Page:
How Treating Hearing Loss Can Support Your Cognitive Abilities

How Treating Hearing Loss Can Support Your Cognitive Abilities

Olga Lis, MS, CCC-A

Hearing loss not only impacts hearing but also brain health. The third most common chronic medical condition today, hearing loss impacts over 48 million people in the U.S. In fact, nearly 1 in 5 people have some degree of impaired hearing which produces a wide range of effects. A reduced ability to hear and process sound can drastically impact daily life: communication, job performance, social engagement, and mental health. Additionally, untreated hearing loss can contribute to the development of other health issues including cognitive decline.  

Hearing Loss & the Brain

Hearing loss not only happens in the ears but also the brain. The ears collect sound from the environment which reach the cochlea in the inner ear. The hair cells and fluid in the cochlea help translate soundwaves into electrical signals that are then sent to the brain via auditory pathways. The auditory cortex further processes these signals as speech and sounds, assigning meaning which allows us to understand what we hear. Hearing loss impacts areas of the brain that are integral to hearing (including the auditory cortex) in a variety of ways including: 

  • brain atrophy: these areas become underutilized which decreases activity 
  • cognitive overload: other areas of the brain step in to compensate for this inactivity which can stretch and overload the brain 
  • social withdrawal: there is a significant social element of hearing loss. The symptoms of hearing loss take a toll on communication, making it difficult for people to easily engage in conversation. This often leads to people avoiding social engagement altogether which can contribute to anxiety, depression, and loneliness. This also impacts the brain and the stimuli it receives. 

These effects can increase health risks in a variety of ways including contributing to cognitive decline. 

Link Between Hearing Loss & Cognitive Decline

There is extensive research that highlights the link between hearing loss and cognitive decline. Cognitive decline is the essential characteristic of dementia which encompasses a range of cognitive impairments – Alzheimer’s, Lewy Body, Parkinson’s etc. Hearing loss and dementia disproportionately impact older adults: 

    • 80% of people who have Alzheimer’s are 75 and older
  • 50% of adults aged 75 and older have disabling hearing loss 

Various studies investigate the overlapping of these medical conditions, revealing a significant correlation. This includes a major study conducted recently by researchers at Brigham and Women’s Hospital and Harvard Medical School. Published in 2019, this study examined the impact of hearing loss on cognitive function. It included over 10,000 participants, ages 62 and older, who self-reported both their hearing and cognitive ability over a duration of 8 years.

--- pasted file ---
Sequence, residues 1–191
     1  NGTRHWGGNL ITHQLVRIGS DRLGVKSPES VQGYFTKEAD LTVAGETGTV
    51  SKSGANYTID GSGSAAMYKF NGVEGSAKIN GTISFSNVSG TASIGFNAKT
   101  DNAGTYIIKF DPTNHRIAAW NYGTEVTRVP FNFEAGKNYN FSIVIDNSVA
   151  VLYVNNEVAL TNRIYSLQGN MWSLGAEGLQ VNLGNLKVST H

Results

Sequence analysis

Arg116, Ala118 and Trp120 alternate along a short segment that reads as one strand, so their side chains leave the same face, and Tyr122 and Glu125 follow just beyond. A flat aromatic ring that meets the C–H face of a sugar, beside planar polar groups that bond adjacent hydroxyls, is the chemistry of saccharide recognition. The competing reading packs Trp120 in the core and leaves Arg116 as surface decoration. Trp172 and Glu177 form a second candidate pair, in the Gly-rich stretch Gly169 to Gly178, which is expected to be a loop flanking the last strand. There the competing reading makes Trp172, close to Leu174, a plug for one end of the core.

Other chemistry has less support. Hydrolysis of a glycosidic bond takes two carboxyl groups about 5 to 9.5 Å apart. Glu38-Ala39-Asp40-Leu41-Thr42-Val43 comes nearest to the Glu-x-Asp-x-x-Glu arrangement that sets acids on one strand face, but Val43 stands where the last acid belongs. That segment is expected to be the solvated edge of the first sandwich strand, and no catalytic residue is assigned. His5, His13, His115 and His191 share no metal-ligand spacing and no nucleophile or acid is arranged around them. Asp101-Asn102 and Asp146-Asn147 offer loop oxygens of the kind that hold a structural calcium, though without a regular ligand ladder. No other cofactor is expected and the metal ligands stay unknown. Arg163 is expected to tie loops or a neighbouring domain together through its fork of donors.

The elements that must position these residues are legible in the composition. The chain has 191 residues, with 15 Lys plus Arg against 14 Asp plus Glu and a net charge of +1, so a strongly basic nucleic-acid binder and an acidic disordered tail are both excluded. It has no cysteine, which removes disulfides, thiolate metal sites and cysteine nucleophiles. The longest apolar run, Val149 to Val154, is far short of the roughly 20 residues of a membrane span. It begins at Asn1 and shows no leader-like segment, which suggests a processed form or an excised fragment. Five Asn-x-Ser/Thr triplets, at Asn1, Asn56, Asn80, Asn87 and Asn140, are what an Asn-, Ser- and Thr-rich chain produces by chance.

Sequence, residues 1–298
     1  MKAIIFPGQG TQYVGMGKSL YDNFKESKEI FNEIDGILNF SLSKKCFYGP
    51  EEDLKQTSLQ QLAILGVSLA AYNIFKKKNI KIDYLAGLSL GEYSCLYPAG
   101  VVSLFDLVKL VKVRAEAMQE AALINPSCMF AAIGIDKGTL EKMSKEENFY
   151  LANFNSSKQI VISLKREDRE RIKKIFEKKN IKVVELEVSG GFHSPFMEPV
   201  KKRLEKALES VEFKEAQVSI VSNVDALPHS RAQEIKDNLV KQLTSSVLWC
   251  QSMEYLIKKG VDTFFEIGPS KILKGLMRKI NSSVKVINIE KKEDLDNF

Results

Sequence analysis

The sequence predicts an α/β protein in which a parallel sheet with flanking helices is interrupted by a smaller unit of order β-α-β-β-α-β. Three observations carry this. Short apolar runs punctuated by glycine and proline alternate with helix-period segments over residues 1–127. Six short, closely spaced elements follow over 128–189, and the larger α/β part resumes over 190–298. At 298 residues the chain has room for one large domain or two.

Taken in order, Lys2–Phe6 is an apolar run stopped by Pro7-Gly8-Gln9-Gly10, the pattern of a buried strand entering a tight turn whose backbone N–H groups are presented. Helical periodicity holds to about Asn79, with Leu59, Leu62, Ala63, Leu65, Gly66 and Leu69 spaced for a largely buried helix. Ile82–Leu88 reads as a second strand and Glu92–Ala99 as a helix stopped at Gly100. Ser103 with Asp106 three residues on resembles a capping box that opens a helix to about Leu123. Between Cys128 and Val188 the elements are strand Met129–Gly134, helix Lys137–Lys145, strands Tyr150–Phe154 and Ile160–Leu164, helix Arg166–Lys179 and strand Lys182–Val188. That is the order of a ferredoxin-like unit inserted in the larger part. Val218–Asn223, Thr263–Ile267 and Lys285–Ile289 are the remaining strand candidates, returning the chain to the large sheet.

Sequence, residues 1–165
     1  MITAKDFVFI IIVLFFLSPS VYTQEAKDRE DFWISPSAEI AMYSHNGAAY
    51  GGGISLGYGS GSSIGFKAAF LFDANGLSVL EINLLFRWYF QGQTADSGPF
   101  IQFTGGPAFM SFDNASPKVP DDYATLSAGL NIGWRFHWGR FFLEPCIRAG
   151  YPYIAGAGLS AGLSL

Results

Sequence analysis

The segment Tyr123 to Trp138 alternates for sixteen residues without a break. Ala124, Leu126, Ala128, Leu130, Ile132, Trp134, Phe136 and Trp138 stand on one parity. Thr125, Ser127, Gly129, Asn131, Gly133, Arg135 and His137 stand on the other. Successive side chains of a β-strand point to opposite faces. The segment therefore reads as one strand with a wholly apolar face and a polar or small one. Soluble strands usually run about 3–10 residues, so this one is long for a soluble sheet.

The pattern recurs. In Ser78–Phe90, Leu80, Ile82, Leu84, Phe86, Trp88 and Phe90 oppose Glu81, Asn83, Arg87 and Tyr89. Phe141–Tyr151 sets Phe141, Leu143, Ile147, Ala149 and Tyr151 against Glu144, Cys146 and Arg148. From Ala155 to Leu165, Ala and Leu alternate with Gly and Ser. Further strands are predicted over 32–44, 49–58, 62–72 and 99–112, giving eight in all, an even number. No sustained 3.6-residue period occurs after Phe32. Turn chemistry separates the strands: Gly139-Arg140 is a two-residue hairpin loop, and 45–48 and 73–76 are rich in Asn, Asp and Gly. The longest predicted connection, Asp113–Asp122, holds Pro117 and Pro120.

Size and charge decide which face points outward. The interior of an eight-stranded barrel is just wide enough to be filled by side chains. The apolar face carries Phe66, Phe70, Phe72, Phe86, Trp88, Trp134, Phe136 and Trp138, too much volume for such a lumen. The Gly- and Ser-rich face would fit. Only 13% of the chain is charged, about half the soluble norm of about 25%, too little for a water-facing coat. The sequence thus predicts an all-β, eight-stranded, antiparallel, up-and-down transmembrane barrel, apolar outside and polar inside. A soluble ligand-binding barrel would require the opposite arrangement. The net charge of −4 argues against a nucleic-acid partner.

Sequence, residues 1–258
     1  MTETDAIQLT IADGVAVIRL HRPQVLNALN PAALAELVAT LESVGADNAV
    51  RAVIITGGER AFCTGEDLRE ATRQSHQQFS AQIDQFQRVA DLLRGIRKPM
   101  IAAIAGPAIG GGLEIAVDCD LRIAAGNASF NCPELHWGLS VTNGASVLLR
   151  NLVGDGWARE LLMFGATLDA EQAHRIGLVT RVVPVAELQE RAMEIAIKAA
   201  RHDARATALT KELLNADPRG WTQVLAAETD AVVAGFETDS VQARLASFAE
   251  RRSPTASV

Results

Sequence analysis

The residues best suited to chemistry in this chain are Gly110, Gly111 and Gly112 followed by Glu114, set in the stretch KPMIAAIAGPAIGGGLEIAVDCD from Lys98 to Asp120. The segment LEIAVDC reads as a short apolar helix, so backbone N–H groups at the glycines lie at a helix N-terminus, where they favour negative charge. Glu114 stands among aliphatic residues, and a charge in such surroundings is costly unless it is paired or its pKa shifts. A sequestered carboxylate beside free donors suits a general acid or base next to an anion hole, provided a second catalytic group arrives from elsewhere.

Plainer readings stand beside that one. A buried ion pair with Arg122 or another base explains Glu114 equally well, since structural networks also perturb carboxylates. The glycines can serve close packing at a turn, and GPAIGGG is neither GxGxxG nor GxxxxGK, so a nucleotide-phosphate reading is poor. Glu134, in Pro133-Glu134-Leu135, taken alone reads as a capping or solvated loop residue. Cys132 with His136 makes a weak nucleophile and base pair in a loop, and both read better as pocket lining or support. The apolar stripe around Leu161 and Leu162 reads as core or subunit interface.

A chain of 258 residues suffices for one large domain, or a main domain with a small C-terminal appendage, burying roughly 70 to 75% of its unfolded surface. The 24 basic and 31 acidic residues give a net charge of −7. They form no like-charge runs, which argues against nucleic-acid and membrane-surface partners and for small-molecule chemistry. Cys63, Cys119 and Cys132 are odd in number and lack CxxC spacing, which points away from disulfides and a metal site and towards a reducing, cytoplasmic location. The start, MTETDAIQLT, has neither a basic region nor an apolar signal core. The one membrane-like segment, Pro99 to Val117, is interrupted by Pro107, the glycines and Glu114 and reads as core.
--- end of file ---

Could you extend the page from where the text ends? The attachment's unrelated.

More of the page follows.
Researchers found that people with hearing loss, compared to those without, were increasingly more likely to experience cognitive decline which was: 

  • 30% higher among people with mild hearing loss 
  • 42% higher among people with moderate hearing loss 
  • 54% higher among people with severe hearing loss 

These statistics show that for people with severe hearing loss, cognitive decline was more than twice as likely! This not only reveals a significant correlation between both conditions but also highlights that the greater the hearing loss, the likelier cognitive decline is. 

Treating Hearing Loss

The best way to mitigate cognitive decline for people with hearing loss is to treat it! The first step to do this is to schedule an appointment with a hearing healthcare specialist (like an audiologist) for a hearing test. Hearing assessments involve a noninvasive and painless process that measures hearing ability in both ears. This identifies any impairment and the degree of hearing loss you could be experiencing which establishes your hearing needs. 

Hearing loss is most commonly treated with hearing aids – small electronic devices that are designed to absorb, amplify, and process sound. These devices provided significant support for the auditory system which enhances hearing and also improves brain function. Hearing aids help the brain process incoming sound information, reengaging areas of the brain and improving various cognitive functions – memory, completing tasks, organizing information etc. Additionally, hearing aids help maximize hearing across all environments which has countless benefits including strengthening communication, relationships, social engagement etc. This allows people to navigate daily life with greater ease and comfort, improving overall wellness and quality of life!